The front door is the most important part of your home. Installing a handle and lockset not only adds curb appeal but also makes entering or leaving more secure!
A quick project that will have you feeling pleased with yourself for years – think about how much easier it’ll get when friends come over just because they know what’s good around here?
Two sets of boreholes and cross bores are stacked on top of each other on the door. The 5-1/2 inch diameter should be 2 inches for both circular shapes with a 1″ flare at either end to allow for safe manipulation by hand or foot during opening procedures without risk of duegenturning oneself loose within its frame anatomy (although this would never happen).
Installing new door handles is easy with our step-by-step instructions. It could strip screw threads or damage the surface, so be careful when using an electric drill to install these screws!
Do not overtighten them as you can always go back later and apply more torque if necessary – but make sure it’s enough at first place since this will save your time in going through all those steps again once something goes wrong later on down the line.
How to Install a Door Handle and Lock
If you’re not able to find a flat faceplate for your door, don’t worry! You can easily cut one out with a utility knife.
Just trace around the outside edge of what is depicted on top and score along those lines using either sharpie or woodworking pencils so as not to have any pieces that might splinter when cutting them into place later down the line.
Start by chiseling out a 1/8″ deep rectangle centered around the cross bore on both sides of each lock.
Once you’ve created a depression in this area with one side flush against it and firm pressure applied from behind while simultaneously tapping along edges until they are perfectly aligned (you should be able to see where I marked my depth), slide latches into position, so that blunted tips point down toward baseplate or surface below; secure using two short screws when done!
The round drive-in faceplate is the perfect fit for your door. Simply install it over what’s left of your old screws and push it down to secure with a minimal amount of force needed!
You can also use one hammer block between you, making sure not to damage anything while getting these last few stubborn bits situated in their proper place – flush against the edge on either side near-lock notch (or at least close enough).
Install Handle outside
The handle will either slide up or down depending on if it has a lower borehole. If yours sticks out farther than your original doors, then you’ll need another hole in order for this new hardware to fit properly and operate smoothly without any issues!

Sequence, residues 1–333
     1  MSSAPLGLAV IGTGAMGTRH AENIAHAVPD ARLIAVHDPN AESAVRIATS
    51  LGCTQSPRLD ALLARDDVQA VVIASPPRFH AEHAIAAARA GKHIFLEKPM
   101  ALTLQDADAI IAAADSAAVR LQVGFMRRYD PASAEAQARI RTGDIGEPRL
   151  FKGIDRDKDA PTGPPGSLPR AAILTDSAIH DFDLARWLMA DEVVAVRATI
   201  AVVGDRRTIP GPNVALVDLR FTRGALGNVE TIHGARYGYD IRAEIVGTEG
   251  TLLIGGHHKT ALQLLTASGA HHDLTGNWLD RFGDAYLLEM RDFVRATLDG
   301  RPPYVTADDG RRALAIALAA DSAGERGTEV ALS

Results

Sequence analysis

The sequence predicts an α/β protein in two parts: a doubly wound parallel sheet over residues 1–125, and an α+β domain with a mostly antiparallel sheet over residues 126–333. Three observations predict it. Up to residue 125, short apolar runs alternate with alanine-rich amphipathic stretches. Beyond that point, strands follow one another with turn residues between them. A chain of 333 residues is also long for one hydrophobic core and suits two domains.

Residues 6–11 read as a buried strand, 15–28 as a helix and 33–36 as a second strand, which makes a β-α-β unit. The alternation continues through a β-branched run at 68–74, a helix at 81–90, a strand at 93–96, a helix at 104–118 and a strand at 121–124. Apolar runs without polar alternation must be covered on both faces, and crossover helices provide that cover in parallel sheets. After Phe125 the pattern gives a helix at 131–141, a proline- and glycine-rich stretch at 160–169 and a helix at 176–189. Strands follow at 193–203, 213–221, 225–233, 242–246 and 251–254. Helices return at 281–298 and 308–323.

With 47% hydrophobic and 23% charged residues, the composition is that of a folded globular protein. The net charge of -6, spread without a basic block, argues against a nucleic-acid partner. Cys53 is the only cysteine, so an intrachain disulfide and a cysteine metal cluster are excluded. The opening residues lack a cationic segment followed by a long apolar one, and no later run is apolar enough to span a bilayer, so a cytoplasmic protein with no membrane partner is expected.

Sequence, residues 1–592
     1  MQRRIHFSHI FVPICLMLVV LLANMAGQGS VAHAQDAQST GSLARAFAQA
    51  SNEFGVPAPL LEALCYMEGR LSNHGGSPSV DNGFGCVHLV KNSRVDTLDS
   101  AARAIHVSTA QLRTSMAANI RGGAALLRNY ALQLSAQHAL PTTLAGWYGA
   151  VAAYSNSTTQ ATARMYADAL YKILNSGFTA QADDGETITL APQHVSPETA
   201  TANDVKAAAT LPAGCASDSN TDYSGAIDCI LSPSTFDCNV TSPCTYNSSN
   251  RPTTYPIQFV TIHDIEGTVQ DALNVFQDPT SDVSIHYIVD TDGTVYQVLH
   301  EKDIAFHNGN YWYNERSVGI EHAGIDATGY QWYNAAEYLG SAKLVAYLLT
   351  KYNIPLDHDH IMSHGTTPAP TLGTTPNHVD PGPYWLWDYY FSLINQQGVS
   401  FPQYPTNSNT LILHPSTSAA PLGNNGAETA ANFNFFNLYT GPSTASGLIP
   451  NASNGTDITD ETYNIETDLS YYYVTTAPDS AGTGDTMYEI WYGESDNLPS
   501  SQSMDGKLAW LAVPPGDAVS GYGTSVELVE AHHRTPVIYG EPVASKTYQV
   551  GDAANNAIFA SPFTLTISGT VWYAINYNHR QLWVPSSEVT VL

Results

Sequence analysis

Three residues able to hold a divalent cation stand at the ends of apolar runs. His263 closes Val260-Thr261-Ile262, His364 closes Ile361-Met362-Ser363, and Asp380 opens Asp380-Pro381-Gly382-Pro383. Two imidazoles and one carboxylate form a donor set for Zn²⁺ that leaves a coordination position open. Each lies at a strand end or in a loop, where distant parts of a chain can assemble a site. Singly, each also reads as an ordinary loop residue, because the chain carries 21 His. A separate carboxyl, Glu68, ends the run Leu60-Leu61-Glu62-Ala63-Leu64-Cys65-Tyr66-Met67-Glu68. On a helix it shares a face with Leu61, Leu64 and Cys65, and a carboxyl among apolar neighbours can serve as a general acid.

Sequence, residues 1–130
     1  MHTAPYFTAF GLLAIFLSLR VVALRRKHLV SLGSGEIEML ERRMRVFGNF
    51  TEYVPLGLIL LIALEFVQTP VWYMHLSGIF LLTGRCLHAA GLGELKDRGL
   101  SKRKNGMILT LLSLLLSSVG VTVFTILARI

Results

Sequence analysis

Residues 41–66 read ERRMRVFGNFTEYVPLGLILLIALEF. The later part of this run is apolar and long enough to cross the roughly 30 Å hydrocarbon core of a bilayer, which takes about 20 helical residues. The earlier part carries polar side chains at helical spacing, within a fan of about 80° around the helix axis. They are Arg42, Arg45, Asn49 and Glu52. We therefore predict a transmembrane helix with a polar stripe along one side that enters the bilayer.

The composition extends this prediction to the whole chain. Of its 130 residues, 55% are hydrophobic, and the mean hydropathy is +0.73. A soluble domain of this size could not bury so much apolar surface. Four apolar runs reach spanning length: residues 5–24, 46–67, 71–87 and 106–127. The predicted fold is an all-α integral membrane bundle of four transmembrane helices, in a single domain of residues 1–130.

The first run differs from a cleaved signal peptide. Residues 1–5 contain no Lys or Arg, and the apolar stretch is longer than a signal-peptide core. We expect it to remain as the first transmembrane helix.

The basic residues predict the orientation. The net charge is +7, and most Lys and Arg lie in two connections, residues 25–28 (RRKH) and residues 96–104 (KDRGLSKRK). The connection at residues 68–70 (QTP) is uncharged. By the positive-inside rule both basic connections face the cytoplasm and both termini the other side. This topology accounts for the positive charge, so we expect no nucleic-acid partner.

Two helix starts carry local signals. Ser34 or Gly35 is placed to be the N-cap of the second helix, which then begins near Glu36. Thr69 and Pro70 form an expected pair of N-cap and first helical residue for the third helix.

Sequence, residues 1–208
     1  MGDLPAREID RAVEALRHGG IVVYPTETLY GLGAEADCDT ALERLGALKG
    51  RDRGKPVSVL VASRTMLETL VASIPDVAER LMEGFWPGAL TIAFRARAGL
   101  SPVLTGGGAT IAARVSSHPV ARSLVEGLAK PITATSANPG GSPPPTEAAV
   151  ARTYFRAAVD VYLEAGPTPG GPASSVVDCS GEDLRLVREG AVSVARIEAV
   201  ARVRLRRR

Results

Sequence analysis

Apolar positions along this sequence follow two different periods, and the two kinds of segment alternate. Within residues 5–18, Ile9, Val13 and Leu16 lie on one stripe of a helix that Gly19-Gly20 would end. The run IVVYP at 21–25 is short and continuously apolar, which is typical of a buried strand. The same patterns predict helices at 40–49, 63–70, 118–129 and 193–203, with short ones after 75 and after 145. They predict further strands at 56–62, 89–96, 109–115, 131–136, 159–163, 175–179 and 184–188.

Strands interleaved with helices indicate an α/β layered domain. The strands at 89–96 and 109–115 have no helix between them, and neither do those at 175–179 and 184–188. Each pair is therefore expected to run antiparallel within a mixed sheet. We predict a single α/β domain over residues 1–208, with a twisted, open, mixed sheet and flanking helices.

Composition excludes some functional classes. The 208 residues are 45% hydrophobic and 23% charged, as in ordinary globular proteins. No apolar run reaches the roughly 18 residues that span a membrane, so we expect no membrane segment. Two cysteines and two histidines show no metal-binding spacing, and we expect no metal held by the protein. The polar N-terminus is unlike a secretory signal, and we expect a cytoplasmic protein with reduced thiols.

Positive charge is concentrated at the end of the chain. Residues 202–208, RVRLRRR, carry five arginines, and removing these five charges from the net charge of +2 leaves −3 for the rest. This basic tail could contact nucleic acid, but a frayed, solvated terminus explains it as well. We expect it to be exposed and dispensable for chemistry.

It’sIt’s always best practice when installing anything related to doors/hardware like latches etc., do so according to manufacturer instructions first – especially since we’re talking about something as specific (and sometimes difficult) as drilling holes here.
Installing handle inside
To secure the door, line up both handles so that their screw holes align vertically with threaded posts on the back of the outside handle.
If you have an inside lever for your entranceway and it points away from any jambs or panels in between, then simply attach a washer onto one side before fastening them together using screws; if not, make sure there’s space underneath these parts as well because we need to install another smaller spindle which will go into place near where our original mounting hole sits (between those two metal brackets).
This has been quite informative!
Install a deadbolt on your door by following these steps. Fit the latch bolt into its upper cross bore and screw it in place so that you have an audible tinking when unlocking or locking with keys; this will let people know who’s coming up behind them without having any glimpse of what they’re doing beforehand!
Install both inside thumb turns pointing towards each other (unlocked), then install exterior ones opposite how we did before pointing down while locked).
Install strike plates
The strike plate should be lined up with the door jamb and attached with two screws on each side. The bent tip of these plates is meant to face whichever direction your locks open in, so make sure it’s oriented correctly before drilling any holes through them for mounting hardware!
Once all sides have been secured by fastening positions as indicated above (with longer nails/screws), alternate between putting one screw into each hole while doing other work around here – this way, you won’t end up pushing out too much once things get stressful.
When you’re troubleshooting a locked door, be sure to test the latch and deadbolt. If either one doesn’t move smoothly into or out of place, then drill holes in that same spot until they do!
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You may also need to adjust where your strike plate (if applicable) goes so it can better secure this part when closed up tight again – but don’t forget about testing first!! Stay updated with our latest home improvement, interior designing, and architecture articles at SugerMint.